each customer may be a different department or business unit. Typically, each organization can be thought of as
a customer of the vCloud, which has a specific set of users. Each organization owns its own virtual assets that
are provided by vCloud, including its own virtual datacenter (vDC) and its own organization networks.
An organization vDC is a construct provided by a vCloud that is assigned to one specific organization (cus-
tomer). Each organization can have more than one vDC. The provider creates the vDCs for each organization
and defines parameters such as the maximum amount and the guaranteed amount of RAM to assign to the
datacenter. Each customer perceives that they have their own datacenters, each consisting of processor, memory,
storage, and network resources.
Technically, the vCloud provider first creates provider vDCs, which can then be subdivided into organization
vDCs. Each provider vDC maps to a parent resource pool in vSphere, and the subordinate organization vDCs
map to child resource pools attached beneath the parent resource pool, as illustrated in Figure 1.
Each provider vDC is typically intended to provide a different level of service. For example, a vCloud may contain
two provider vDCs. One provider vDC is named “Tier-1”, and it contains fully guaranteed processor and memory
resources and Fiber Channel-backed datastores. The other provider vDC is named “Tier-2”, and it contains
50% guaranteed processor and memory resources and NAS datastores. In this example, the provider intends
to charge more for Tier-1 resources. Each customer may elect to purchase both Tier-1 and Tier2 resources. One
Copyright ©2013 Global Knowledge Training LLC. All rights reserved. 5
organization vDC may be provided by the Tier-1 Provider Datacenter, while another organization vDC may be
provided by the Tier-2 Provider Datacenter, as illustrated in Figure 1.
vCloud: Additional Features of Organizations and Virtual
Data Centers
Organizations in vCloud can be used for more than just assigning vDCs. Organizations include additional fea-
tures such as users, role-based permissions, catalogs, vApps, and a unique administrator web portal. Likewise,
organization vDCs can be used for more than just allocating processor, memory, storage, and network resources.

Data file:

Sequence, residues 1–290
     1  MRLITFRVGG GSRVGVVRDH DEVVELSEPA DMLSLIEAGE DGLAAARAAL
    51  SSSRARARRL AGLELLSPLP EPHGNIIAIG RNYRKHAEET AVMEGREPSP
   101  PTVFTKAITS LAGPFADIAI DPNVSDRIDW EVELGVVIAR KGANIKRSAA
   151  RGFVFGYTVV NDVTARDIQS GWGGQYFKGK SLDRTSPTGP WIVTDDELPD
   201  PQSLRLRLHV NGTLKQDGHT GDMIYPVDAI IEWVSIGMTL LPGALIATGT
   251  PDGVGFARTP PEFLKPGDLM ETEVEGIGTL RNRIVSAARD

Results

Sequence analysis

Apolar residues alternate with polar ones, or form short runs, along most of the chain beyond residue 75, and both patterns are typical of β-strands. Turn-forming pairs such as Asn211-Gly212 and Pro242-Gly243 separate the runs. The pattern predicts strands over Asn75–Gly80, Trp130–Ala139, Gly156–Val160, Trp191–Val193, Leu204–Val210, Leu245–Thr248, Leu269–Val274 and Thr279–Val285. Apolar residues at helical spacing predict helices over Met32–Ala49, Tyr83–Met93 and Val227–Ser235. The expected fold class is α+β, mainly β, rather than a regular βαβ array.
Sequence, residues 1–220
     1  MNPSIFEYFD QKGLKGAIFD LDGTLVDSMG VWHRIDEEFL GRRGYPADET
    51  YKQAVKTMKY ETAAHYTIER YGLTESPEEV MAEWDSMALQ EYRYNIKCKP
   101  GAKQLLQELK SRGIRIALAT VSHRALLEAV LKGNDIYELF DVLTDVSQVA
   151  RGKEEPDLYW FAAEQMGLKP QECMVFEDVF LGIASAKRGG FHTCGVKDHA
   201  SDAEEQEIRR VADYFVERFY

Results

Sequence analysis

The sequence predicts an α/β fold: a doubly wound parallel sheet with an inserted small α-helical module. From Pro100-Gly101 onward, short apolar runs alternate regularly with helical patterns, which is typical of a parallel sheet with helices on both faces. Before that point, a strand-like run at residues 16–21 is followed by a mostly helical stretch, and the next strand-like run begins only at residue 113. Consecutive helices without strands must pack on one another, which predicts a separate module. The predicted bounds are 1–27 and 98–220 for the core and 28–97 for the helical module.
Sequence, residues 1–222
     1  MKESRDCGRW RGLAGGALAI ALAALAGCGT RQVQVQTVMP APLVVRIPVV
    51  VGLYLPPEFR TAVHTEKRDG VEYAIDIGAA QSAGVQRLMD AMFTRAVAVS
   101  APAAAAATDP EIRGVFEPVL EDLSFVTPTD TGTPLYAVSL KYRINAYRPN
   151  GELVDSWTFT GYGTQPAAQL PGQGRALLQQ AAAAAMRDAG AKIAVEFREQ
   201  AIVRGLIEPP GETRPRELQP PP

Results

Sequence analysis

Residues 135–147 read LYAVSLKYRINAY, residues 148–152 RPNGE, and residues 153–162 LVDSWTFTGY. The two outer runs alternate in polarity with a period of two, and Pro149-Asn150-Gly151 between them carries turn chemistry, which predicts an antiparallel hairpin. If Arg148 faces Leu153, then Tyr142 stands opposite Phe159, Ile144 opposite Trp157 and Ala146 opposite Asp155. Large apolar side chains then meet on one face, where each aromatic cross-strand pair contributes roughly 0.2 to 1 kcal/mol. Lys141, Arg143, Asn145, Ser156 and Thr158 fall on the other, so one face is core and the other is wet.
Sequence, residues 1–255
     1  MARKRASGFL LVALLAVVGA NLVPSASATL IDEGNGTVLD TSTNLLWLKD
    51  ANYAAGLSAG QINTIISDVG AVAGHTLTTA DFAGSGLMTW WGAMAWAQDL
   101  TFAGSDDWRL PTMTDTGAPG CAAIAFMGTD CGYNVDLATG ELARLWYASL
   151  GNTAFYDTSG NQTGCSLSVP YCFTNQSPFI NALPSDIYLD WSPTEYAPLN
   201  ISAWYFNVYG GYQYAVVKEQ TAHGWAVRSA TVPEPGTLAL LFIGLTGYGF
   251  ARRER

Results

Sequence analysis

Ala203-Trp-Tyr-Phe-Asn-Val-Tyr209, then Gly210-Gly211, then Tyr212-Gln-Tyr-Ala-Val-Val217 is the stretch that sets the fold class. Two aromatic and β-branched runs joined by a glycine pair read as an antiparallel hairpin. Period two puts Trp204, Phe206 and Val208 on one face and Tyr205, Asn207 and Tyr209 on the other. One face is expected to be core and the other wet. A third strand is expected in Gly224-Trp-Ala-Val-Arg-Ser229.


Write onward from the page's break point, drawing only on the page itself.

Organization vDCs include additional features such as allocation model, virtual disk provisioning type, and quo-
tas. This paper only provides a brief explanation on some of these features.
• Organization web portal – Each organization has a dedicated web portal for configuring and man-
aging their resources, such as VMs and users.
• Organization Administrators – Specific users within an organization that have the ability to config-
ure all aspects of the organization vDC that has been delegated by the provider.
• Organization users – Typically these are provided by an LDAP, such as Active Directory, that is owned
by the organization, but may be created manually. The organization administrator may delegate access
and control to the organization’s objects to various users.
• Catalogs – A set of vApp templates and ISO files used by the organization.
• vApps – One or more VMs that are treated as a single entity by the organization. The VMs in a specific
vApp tend to provide a specific business application and communicate frequently with each other. A
vApp may be placed on a protected network, called a vApp network.
• Allocation Models – The choices are:
- Pay as You Go – The customer pays for just the resource used by vApps they actually run. The
provider does not guarantee any resources upfront, but could proactively place a limit on the custom-
er’s use. Whenever a vApp is permitted to start, then a percentage of its resources may then be auto-
matically reserved. This tends to be the least expensive Allocation Model choice.
- Allocation Pool - The provider guarantees an agreed upon amount of resources upfront, but the
customer is allowed to potentially access more resources, when available, up to a configured maximum.
The provider tends to charge for just the guaranteed resources.